"Sure he did," the other lawyer interjects, choosing this second to pretend to be a part of this charade as he cuts his eyes toward me in challenge.  Dick.

I'm surprised they're not accusing me of also giving them fake IDs at this point.  Apparently I'm responsible for everyone and their decisions. 

I can feel my father's presence nearing behind me, but I refuse to turn and face him.  I won't give him the satisfaction.  He's probably enjoying the judge telling me everything he's already said.

"I think I know a way we can solve this," Dad rattles out in his imperious tone, able to sound bored and haughty in one breath.  That's a Paul Colton signature tone.

"Please, Mr. Colton, proceed," the judge mumbles, sounding sardonic and irritated, but as always, Dad has far more influence in any room than anyone else
—no matter where he is.

I'm going to jail.

"My son fucked up," he says, making me wish I could punch him.  Or the judge.  Or my overpaid lawyer, who is proving to be useless now.  "But he didn't force those boys to mount a bulldozer and go for a joyride.  I do agree he should be punished in some form, but I think I know better than anyone else how to do that."

Motherfucker.  I can't believe this.

My jaw clenches as I stare straight ahead, furious that he's about to treat me like a ten-year-old kid who just stuck firecrackers in a mailbox.  I'd rather go to jail at this point than to be subjected to whatever form of punishment
feels I deserve.

"I think Ms. Capperton's situation has become... a problem now," Dad says, but I still refuse to even offer him a glance.  I'd lose it if I saw the smirk I can feel him wearing.

"She needs a home," he continues.  "My son's home is directly across from the school, he has amenities most would die for, and there is plenty of room there for another person."

This is a joke.  He'd better not be saying what I think he is, because I'll-

"Are you suggesting Ms. Capperton go live with him?" the judge scoffs, rolling his eyes.  Yep.  That's what I was afraid of.  Hell no.  No one will go for this.  It's preposterous.  "That's your form of punishment?  No wonder he's so irresponsible."

Irresponsible?  I had designated drivers there, security on staff, and I only ordered one keg.  How about all the idiots who brought in their liquor, paid off my security, and then got raging drunk?  They're the irresponsible ones.  Not me.

My father's throaty laugh does nothing but piss me off.  But not even he has the power to make such a thing happen.  No one—especially Raya—will agree with this asinine idea.

"Then you don't know my son as well as I do.  He hates to have rules."  At this moment, I hate him worse than I hat
e rules.  I happen to love rules—my rules, that is.  "While Ms. Capperton is there, he will respect any and all her needs.  Everything he wants to do will have to go through her for approval.  She'll have power over him, which will limit his social life.  If he steps out of line, she can call me, and I'll start taking things away as punishment for refusing to abide by her rules.  Let's face it, Roy, you can't hold him for anything.  You can't charge him with any wrongdoing.  I'll hire the best lawyer to keep him from having jail-time on his record.  It's up to you."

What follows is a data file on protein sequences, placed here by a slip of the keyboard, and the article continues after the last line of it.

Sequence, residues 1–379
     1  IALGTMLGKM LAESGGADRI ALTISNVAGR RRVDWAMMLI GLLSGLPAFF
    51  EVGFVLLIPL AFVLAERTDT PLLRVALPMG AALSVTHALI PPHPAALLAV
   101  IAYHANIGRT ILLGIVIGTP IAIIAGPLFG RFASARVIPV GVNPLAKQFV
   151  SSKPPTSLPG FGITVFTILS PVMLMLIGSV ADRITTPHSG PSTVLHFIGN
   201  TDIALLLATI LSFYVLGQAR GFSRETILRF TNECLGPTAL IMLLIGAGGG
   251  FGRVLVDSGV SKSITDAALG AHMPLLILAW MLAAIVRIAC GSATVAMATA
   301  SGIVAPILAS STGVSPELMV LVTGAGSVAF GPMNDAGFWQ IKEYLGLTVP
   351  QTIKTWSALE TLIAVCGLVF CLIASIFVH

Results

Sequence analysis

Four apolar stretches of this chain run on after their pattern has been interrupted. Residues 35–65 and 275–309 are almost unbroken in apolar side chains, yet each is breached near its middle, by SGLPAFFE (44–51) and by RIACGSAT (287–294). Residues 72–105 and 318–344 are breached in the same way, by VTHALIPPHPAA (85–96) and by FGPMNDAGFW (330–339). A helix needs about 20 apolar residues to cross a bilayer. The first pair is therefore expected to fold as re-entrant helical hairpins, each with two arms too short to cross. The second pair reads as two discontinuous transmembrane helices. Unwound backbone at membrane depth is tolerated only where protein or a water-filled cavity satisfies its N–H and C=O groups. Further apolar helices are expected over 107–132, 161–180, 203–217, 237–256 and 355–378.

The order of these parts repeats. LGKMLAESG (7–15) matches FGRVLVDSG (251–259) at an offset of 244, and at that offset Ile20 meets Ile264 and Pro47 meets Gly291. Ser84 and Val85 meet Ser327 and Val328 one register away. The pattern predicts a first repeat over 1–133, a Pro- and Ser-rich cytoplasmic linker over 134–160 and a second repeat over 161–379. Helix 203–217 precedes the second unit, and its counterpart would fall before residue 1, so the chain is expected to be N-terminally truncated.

If I've ever been angrier, I can't remember it.  I've officially been scolded like a child, talked about like a child, and now I'm going to have to seek constant permission like a child?  Fuck that.  This is not happening.  She'd better say no.

What am I talking about?  She hates me.  Of course she'll say no.

"Ms. Capperton?  How do you feel about this?" the judge asks through gritted teeth.

I don't know why he's grinding his teeth.  It's my life that's getting screwed with, not his.

"I don't want to live with Kade Colton," she says without hesitation, making me relax immensely.  Thank God.  For once I'm delighted she's so frosty.

"Ms. Capperton, do you have a home or money to rent anywhere?  I've looked over your financials.  It wouldn't have been long until you were kicked out.  I'm sure you could sue for the damages done, but that takes time and money as well.  Do you have time and money?" my arrogant, condescending, dickhead father asks, narrowing her options.

I'll buy her a house.  Problem solved.  Then she won't have any reason to be at my house.  Whew.

"No," she says in a hoarse rasp that can barely be heard.

think so.  You'd have a home—a nice home—and at the end of the school year, I'll buy you a new house you won't have to stress over.  You have to live with Kade first, though.  And if he gives you any trouble at all, you call me right away."

I'm in a nightmare.  This isn't real.  That's all there is to it.  If she says yes, then I'm going to buy her the first house up for sale.  End of story.  If she says no, I'll buy her the house she wants.

"Ms. Capperton?" the judge says, a hard edge to his tone, impatiently demanding her to make a decision.


Ah hell no.

I can feel my father's victory grin, and I start worrying I've beveled off all the edges of my teeth.

"Fine?  What does fine mean, Ms. Capperton?" the judge asks.

I glare across the courtroom, praying I can intimidate her enough to say
.  I'd at least like some victory over the ass who’s supposed to be my father.

"It means yes.  I'll do it," she says, shattering my hopes.

For the first time since we started this ludicrous hearing, I face the man who is reveling in his triumph, just as he takes one final stab at me. "Son, meet your new leash."


Pacing around in my room